Kootu in Tamil, literally translates as ‘addition’ in English. That explains this simple side dish from Tamilnadu. If you are taking your first steps as a cook, this is the kind of dish that gives you encouragement and confidence to venture further. It is simple, does not need elaborate prepping and rarely goes wrong. A quick equation sums it up;
“Vegetables + lentils (usually bengalgram / mung beans / split mung) + coconut = Kootu”
It is a dish that is popular among Tambrahms, with each community having their own versions. Mine is the Iyer method, followed by my maternal and paternal families. The vegetables can be anything. Commonly used vegetables are ashgourd (zhelevan / poosanikkai / kaddu), chow-chow, eggplants, raw papaya, separately or in combination with potatoes, elephant’s foot yam (chenai / suran), and raw bananas. There are many other vegetables used but the ones listed are common to most families. In my family, we do not any spice powders to ‘kootu’, but I have noticed that some Tamilians among my friends use ‘kootu podi’, a spice-mix instead of coconut. I feel the sweetness and crunch of fresh coconut is the textural highlight of ‘kootu’, and nothing can make me do away with it.
Recipe: Zhelevan (Yelavan / Elavan) or Poosanikkai Kootu – Ashgourd + lentils + coconut
Yield: Serves 3 portions as side dish to be served with rice with a liquid gravy
Ashgourd / Kaddhu / Pooshinikai – 5 cups, cut into 1/2cm cubes, skin removed
Bengalgram lentils / Chana dal – 1/4 cup, cooked till done and drained. Retain liquid if available
Coconut, freshly grated – 1/2 cup, loosely packed
Green chillies – 2, or as per taste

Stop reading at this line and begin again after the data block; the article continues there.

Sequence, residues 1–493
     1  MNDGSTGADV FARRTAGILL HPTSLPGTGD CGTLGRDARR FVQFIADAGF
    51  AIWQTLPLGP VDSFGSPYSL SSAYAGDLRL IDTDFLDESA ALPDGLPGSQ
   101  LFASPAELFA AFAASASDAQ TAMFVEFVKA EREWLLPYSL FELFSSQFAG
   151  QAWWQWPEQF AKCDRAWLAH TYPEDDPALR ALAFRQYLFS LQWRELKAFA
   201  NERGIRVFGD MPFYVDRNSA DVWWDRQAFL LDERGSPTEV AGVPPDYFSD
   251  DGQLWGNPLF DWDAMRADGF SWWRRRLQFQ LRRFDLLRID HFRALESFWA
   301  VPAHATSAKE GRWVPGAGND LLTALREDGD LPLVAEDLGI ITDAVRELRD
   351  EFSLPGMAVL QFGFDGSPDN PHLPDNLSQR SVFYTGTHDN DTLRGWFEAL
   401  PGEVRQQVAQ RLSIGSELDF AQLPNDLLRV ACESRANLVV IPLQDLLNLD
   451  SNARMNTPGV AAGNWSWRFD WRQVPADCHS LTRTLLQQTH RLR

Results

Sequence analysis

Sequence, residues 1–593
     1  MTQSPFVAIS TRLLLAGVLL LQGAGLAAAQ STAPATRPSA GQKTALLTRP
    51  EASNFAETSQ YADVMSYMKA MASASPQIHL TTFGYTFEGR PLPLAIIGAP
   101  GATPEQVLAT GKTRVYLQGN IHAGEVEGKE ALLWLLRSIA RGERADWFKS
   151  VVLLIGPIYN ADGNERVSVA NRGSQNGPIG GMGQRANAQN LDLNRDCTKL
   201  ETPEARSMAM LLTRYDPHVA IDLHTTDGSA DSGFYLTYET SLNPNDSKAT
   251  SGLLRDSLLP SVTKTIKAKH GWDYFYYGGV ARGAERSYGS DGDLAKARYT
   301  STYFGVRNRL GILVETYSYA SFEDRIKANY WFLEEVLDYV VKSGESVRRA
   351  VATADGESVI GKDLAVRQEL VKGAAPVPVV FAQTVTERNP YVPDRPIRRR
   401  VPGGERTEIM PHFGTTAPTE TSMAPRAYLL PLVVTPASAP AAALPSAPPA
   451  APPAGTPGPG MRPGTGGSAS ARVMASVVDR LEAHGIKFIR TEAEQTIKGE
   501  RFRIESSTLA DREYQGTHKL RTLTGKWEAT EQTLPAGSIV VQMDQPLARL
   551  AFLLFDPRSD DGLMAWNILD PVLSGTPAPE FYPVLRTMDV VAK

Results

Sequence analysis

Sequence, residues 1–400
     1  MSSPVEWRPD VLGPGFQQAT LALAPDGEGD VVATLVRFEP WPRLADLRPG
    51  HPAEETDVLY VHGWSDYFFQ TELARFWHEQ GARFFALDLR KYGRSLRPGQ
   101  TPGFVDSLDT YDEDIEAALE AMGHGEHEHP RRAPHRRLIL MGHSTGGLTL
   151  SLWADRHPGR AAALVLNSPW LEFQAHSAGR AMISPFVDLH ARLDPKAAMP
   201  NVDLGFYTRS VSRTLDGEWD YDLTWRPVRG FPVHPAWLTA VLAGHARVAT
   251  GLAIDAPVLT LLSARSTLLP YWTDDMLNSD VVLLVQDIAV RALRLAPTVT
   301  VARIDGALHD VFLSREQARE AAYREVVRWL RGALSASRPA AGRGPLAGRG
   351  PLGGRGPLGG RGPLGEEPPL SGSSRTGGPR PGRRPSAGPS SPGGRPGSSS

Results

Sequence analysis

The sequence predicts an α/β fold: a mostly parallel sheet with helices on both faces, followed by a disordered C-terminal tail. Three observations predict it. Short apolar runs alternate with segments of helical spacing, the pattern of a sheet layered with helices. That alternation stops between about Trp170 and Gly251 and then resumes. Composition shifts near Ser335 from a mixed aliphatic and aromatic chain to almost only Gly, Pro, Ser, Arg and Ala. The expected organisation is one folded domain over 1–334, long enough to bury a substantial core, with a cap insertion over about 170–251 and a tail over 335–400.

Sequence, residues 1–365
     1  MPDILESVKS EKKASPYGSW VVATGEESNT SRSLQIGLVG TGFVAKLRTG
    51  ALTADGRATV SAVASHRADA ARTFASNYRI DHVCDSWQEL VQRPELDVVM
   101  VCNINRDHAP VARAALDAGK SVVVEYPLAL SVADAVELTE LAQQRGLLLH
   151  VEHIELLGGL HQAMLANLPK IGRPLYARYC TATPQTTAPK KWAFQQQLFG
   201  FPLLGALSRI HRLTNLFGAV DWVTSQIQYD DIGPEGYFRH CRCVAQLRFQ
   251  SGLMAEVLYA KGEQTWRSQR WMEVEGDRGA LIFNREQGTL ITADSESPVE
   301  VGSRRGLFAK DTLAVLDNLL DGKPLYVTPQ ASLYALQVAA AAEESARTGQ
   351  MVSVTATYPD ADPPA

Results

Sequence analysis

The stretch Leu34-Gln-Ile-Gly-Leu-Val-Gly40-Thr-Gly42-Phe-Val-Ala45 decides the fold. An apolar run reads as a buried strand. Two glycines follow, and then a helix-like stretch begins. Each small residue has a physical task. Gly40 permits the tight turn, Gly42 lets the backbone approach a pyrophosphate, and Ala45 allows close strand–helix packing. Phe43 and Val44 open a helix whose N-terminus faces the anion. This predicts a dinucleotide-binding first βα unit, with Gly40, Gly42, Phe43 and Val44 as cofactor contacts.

Granulated sea salt – as per taste
Turmeric powder – just enough to add colour, about 1/8 tsp.
Coconut oil – 1/2 tsp.
Mustard seeds – 1/2 tsp.
Split, husked, black grams / urad dal – 1/2 tsp.
Curry leaves – 1 sprig
Cook diced ashgourd in enough water, seasoning with salt and turmeric. The ashgourd will reduce in volume once cooked. A little stock should be retained after cooking. This dish is not meant to be dry, but not meant to have a lot of liquid either.
Add cooked and drained lentils along with coconut, saving tbsp. of the coconut.
In a mortar, crush the green chillies with 1 tbsp. of reserved coconut. Add this to the ‘kootu’. Mix well. Check for some stock in the dish. If very less, add some of the water drained from cooking the lentils. About 1/4 cup of stock should be available.
Bring to a boil, remove from fire, about 2 mins. Heat the oil in a seasoning wok. Splutter mustard seeds, followed by black gram. When the gram changes colour to pink, add curry leaves. When they crisp, pour the seasoning over the ‘kootu’.
Serve hot with rice as a side dish.
If using a combination of vegetables boil them in water in the order of time taken to cook each vegetable, starting with the vegetable that takes longest.